Friday 19 January 2018

'Pig's blood': Donald Trump responds to Barcelona attack by reviving debunked myth

This is the second time Trump has mentioned the deeply controversial story about General John Pershing, which has been widely discredited.

Trump and Pershing
Trump and Pershing

By Edd Dracott

Donald Trump has seemingly referenced a highly controversial and dubious legend about killing Islamic militants with bullets drenched in pig’s blood – in the wake of the Barcelona terror attack.

The US president earlier condemned the attack, which saw a van drive through crowds in the popular tourist district Las Ramblas and cost the lives of at least 13 people and injured around 80 more.

Shortly afterwards however he sent a rather more cryptic tweet, asking people to study the actions of John Pershing, a US Army commander active 100 years ago.

General Pershing became famous for his leadership in World War I, but was governor of the Philippines’s Moro province – a mainly Muslim area – between 1909 and 1913.

So, what is Trump going on about? Well, he has referenced the legend of General “Black Jack” Pershing before – at a rally in South Carolina last year while Trump was on his campaign trail.

According to Trump back then, Pershing had managed to halt Muslim attacks in the Philippines where he was based by shooting Islamic militants with bullets dipped in pig’s blood – pork being a taboo in Muslim culture.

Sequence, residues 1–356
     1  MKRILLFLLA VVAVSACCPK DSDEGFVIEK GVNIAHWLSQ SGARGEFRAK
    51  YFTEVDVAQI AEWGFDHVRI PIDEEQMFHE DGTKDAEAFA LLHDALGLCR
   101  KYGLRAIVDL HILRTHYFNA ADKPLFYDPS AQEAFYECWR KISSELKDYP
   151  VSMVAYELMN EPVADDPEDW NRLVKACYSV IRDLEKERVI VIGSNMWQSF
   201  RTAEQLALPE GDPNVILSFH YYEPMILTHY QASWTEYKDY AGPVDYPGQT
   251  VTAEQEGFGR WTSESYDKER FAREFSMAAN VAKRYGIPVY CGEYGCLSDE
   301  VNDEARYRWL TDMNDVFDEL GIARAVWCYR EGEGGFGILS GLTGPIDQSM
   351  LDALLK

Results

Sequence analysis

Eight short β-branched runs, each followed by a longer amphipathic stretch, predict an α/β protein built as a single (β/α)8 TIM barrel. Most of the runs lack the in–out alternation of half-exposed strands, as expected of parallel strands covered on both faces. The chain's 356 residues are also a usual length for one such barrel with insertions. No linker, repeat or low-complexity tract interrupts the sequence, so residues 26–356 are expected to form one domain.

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John J. Pershing appears in uniform at Armistice Day, 1942

“He caught 50 terrorists who did tremendous damage and killed many people,” said Trump at the rally. “They shot 49 of those people. And the 50th person, he said: You go back to your people, and you tell them what happened.”

Trump claimed “for 25 years there wasn’t a problem” – a number he has seemingly increased to 35 in his tweet.

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Trump in front of a picture of George Washington

Trump’s story was widely discredited and debunked, with fact-checking organisation Politifact rating the claims about Pershing as false. However, they note the general did write in a memoir that he saw other commanding officers publicly burying Muslim insurgents in the same grave as a dead pig.

“It was not pleasant to have to take such measures, but the prospect of going to hell instead of heaven sometimes deterred the would-be assassins,” wrote Pershing.

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Pershing at the peace conference in Paris, 1919

Lacking more specifics, it is not certain Trump is referring to the same story he gave in February 2016 in his latest tweet – but the allusion to it in the wake of the fatalities in Spain has drawn severe criticism.

Whether Trump will explain himself further, time will tell.

Watch this space.

Press Association

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